Free Newsletter
Register for our Free Newsletters
Newsletter
Zones
Advanced Composites
LeftNav
Aerospace
LeftNav
Amorphous Metal Structures
LeftNav
Analysis and Simulation
LeftNav
Asbestos and Substitutes
LeftNav
Associations, Research Organisations and Universities
LeftNav
Automation Equipment
LeftNav
Automotive
LeftNav
Biomaterials
LeftNav
Building Materials
LeftNav
Bulk Handling and Storage
LeftNav
CFCs and Substitutes
LeftNav
Company
LeftNav
Components
LeftNav
Consultancy
LeftNav
View All
Other Carouselweb publications
Carousel Web
Defense File
New Materials
Pro Health Zone
Pro Manufacturing Zone
Pro Security Zone
Web Lec
Pro Engineering Zone
 
 
 
News

Upset frequency higher compared with baseball, hockey, and basketball, and football

Boston University : 06 January, 2006  (Technical Article)
A scientific measure of sporting competitiveness shows that soccer is the most
Professor Sidney Redner wanted some real-world data to test a model he had developed to explore the statistical probability of winners and losers in human interactions. He used win-loss records from professional team sports as the data set, which now may spark a global barroom debate over which sport is historically most “competitive” based on the statistical likelihood of upsets.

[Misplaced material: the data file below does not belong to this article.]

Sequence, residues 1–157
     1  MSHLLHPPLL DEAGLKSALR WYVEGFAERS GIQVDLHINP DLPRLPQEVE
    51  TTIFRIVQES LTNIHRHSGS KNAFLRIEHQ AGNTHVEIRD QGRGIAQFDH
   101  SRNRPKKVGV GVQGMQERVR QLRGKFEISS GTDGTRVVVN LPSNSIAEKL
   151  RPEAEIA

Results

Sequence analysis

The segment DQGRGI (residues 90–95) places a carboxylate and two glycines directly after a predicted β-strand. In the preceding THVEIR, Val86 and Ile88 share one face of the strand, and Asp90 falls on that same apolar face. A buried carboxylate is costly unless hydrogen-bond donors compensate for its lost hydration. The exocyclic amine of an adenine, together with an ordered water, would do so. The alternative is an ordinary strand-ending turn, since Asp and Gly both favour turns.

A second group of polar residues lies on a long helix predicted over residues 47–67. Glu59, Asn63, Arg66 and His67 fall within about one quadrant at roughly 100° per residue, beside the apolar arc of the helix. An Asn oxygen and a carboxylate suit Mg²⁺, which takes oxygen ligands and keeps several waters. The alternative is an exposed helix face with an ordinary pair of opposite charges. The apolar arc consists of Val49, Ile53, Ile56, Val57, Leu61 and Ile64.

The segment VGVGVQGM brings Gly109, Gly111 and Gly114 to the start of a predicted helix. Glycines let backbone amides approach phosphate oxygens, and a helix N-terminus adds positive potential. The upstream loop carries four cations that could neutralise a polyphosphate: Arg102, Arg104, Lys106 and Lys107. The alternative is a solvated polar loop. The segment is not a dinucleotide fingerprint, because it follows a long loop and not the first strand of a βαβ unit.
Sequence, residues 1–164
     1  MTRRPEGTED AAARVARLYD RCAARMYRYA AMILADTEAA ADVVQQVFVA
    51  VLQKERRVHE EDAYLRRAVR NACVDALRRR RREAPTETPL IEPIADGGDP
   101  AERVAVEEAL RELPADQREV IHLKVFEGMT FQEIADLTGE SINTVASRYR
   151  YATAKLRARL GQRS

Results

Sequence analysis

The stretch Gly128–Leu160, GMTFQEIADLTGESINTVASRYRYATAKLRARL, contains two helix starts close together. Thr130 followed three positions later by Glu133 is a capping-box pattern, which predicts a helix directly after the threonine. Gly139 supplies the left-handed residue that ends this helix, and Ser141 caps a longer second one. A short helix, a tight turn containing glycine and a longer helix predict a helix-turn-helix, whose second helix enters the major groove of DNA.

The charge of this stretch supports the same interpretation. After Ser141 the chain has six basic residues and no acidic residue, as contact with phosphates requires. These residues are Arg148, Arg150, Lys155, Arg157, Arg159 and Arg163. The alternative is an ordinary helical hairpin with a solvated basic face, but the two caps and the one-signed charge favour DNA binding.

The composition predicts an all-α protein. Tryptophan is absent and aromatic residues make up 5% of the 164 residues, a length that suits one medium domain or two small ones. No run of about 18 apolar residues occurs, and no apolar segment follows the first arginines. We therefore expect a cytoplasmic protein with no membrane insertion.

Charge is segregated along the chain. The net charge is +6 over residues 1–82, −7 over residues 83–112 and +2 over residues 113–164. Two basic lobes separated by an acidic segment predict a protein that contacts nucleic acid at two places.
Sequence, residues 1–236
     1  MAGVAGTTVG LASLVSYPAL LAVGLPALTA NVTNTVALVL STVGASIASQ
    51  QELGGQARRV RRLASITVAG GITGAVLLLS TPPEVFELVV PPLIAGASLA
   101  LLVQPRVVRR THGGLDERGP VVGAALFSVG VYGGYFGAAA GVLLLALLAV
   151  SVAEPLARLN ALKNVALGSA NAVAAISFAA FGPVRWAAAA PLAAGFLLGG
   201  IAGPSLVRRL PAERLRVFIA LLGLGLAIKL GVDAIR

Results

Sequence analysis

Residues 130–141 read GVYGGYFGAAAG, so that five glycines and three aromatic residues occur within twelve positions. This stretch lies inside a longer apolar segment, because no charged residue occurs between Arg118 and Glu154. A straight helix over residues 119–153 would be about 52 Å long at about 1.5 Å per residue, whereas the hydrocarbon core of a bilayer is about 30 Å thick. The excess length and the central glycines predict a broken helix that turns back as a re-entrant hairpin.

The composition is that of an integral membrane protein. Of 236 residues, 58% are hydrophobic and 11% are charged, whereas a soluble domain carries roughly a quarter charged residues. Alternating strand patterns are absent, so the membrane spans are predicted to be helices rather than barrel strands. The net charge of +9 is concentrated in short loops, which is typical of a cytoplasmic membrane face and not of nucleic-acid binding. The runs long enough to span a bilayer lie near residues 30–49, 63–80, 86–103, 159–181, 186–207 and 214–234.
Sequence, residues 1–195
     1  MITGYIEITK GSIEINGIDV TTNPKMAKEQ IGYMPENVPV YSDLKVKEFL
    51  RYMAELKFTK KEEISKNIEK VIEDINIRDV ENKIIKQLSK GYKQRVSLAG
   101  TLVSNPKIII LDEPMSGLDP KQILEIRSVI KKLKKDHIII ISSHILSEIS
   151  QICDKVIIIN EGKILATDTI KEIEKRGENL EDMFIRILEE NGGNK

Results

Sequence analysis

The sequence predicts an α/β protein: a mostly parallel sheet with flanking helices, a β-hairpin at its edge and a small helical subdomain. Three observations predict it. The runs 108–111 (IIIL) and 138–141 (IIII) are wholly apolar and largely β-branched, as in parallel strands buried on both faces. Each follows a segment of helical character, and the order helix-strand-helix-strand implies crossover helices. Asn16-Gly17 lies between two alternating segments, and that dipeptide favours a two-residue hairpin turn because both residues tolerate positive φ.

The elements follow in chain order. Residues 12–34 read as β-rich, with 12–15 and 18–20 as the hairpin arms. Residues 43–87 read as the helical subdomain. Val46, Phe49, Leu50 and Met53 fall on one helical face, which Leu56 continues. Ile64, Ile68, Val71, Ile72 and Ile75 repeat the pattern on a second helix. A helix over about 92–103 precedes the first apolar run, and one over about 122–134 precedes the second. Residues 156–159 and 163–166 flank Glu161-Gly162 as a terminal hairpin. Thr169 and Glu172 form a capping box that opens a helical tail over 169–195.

Crunching a century’s worth of more than 300,000 games in the National Football League, the National Basketball Association, the National Hockey League, Major League Baseball, and the English Football Association, showed that the latter, soccer to Americans, is the most “competitive” sport where underdogs won 45% of the time.

Baseball was next with 44%, then hockey with 41.5%, basketball with 36.5%, and American football least the competitive with an upset frequency of 36.4%. Trends in recent decades, however, show baseball and soccer trading places, and football nearly catching up with hockey and basketball in unpredictability.

“We propose(d) a single quantity, the frequency of upsets, as an index for quantifying the predictability, and hence the competitiveness of sports games,” Redner wrote with his colleagues, his BU graduate student Frederico Vazquez, and researcher Eli Ben-Naim of the Los Alamos National Laboratory in New Mexico where Redner and Vazquez studied last year on a fellowship. “We demonstrated the utility of this measure via a comparative analysis that shows that soccer and baseball are the most competitive sports.”

Redner said the study was “somewhere between being serious and a lark,” but that his colleagues realized that sports data could inform the theoretical predictions from their abstract model. While likely of little use to bettors seeking an edge, he said, “We learned which league would then be the most interesting to watch.”
Bookmark and Share
 
Home I Editor's Blog I News by Zone I News by Date I News by Category I Special Reports I Directory I Events I Advertise I Submit Your News I About Us I Guides
 
   Â© 2012 NewMaterials.com
Netgains Logo